Rebels In Losing War Against Shabab Leader

In late June, telecommunications was temporarily taken down by the Shabab in Barawe as hundreds of fighters from the Jabha (the trusted guerrilla units) came into the city to arrest some members of the Shura (the group’s consultative council) and others that had been openly opposing the supreme leader, accusing him of oppressive dictatorial policies. After a brief fight, the group’s most extremist members lay dead including the veteran Jihadi and the group’s number two man and founding member, Ibrahim Afghani; others such as Hassan Dahir Aweys and Mukhtar Robow Abu Mansur ran for their lives.

The rebels, made up of almost every faction in the Shabab, were apparently in the process of declaring themselves independent from the Shabab. But since declaring a new group was outlawed by the General Leadership in early 2012 to pre-empt ex-members of Hizbul Islam that were on the verge of breaking away then, the rebels’ death warrants had been signed even before they had openly rebelled.

As serious as the developments may be, Harakatu Shabab Al-Mujahideen is as far from complete disintegration today as it was in August 2011 when it had withdrawn from Mogadishu and the wishful-minded predicted their complete demise as a result. The main reason for this is that despite the stature of the rebels, there is no regional military or intelligence commander on their side. And on the forums and Somali Jihadi sites, the peanut gallery seems to be firmly on the side of the supreme leader, Abu Zubayr.

In Islamic teachings, Bughaat (Muslims rebelling against a leader they have given their pledge of allegiance) are to be fought if they fight back but their dead are considered Muslims and buried in the Muslim cemetery. That is why the Shabab military spokesman prayed for Afghani and company, claiming that they had resisted arrest and not killed execution-style as reported by some Somali sites.

Most top and mid-level commanders of the Shabab security forces are apolitical when it comes to internal issues and take orders from whoever is in charge. This works well for the incumbent; Abu Zubayr can count on them to have his back as long as he is the leader.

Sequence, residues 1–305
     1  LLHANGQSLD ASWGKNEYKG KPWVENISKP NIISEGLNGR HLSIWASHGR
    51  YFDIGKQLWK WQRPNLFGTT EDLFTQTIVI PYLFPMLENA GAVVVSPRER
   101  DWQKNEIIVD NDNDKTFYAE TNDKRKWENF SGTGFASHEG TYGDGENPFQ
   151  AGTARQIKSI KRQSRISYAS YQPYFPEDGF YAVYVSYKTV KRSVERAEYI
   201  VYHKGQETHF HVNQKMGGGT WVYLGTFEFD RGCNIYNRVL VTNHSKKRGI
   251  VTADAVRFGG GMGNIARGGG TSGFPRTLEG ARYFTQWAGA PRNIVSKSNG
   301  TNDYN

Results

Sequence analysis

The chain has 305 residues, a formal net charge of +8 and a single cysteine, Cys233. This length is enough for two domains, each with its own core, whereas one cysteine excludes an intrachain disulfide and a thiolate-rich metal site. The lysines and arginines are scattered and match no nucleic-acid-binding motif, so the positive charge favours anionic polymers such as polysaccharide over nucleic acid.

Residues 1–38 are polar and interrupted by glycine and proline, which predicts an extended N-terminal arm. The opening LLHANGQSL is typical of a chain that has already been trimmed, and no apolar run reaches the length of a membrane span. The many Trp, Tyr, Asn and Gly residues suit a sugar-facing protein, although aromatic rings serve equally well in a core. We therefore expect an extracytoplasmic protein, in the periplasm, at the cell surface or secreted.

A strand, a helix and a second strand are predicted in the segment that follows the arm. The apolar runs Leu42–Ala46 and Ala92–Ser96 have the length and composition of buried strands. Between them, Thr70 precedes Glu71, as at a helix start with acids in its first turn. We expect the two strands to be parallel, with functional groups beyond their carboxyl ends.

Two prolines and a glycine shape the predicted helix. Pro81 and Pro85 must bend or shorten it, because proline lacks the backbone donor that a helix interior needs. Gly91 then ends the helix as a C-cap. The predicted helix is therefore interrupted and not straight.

I am interested in the fact that some of the rebels were frustrated by the lack of escalation of the foreign front by Abu Zubayr. This means that the faction that opposes escalation of the foreign front appears to have won. Even if Mukhtar Robow manages to rally his large clan behind him and force Abu Zubayr to accept some sort of compromise, this would probably not change much in the group’s foreign tempo; Mukhtar Robow is actually a moderate when it comes to foreign attacks; for instance, he seemed surprised when the Kenyans invaded in late 2011, explaining that the group used to stop even freelance fighters from crossing the border to loot from the Kenyan army because “we weren’t at war with Kenya”.

In 2010 Abu Mansur the Somali had disagreements with the Shabab leader, but had buried the hatchet after arbitration. I wouldn’t be surprised if that happened again, especially now that his co-conspirators have been dealt with.

While Shabab operations against allied forces may be reduced by operations against internal Somali and non-Somali rebels in Lower Shabelle and Bay/Bakool regions, the group will continue to operate normally in other regions and probably increase operations in the Kismayo area as the Kenyan occupiers of that city push warlords and some clans into the arms of the Shabab. To demonstrate that the internal power struggle has not diminished its capability, the group may launch more of the “martyrdom” commando raids inside Mogadishu.

It is going to be a long Ramadan this year.

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